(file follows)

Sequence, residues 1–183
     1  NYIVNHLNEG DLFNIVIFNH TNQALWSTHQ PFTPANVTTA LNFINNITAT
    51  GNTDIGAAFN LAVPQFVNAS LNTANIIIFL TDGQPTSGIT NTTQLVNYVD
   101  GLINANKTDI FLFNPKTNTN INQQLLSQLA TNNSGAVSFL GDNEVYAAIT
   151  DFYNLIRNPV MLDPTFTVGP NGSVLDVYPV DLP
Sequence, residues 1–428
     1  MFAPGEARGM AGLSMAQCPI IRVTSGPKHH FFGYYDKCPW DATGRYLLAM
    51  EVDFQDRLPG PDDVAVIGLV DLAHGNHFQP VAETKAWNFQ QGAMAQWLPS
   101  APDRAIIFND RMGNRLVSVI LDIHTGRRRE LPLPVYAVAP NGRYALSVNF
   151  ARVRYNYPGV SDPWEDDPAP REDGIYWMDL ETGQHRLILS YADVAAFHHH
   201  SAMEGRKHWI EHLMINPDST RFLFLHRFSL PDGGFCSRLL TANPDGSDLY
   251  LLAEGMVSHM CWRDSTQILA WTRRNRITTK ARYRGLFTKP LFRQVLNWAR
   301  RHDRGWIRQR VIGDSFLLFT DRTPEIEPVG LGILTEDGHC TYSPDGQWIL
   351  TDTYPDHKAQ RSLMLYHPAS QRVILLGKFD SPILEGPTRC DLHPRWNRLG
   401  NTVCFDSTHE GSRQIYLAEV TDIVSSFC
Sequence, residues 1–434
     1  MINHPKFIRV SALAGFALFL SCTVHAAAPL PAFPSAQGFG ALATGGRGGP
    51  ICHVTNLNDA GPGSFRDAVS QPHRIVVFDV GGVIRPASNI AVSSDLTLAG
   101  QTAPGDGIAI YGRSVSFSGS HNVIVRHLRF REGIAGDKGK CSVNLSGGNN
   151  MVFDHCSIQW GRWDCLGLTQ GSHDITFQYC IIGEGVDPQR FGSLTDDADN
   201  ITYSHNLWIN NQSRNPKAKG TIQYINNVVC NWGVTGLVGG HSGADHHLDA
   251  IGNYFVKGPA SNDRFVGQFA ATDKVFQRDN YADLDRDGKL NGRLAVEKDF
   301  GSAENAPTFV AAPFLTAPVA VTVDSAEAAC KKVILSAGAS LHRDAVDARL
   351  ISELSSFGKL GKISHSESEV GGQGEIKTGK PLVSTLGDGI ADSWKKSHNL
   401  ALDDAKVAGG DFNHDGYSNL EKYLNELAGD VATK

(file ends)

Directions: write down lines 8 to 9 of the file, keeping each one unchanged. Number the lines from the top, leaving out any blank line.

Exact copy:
    51  EVDFQDRLPG PDDVAVIGLV DLAHGNHFQP VAETKAWNFQ QGAMAQWLPS
   101  APDRAIIFND RMGNRLVSVI LDIHTGRRRE LPLPVYAVAP NGRYALSVNF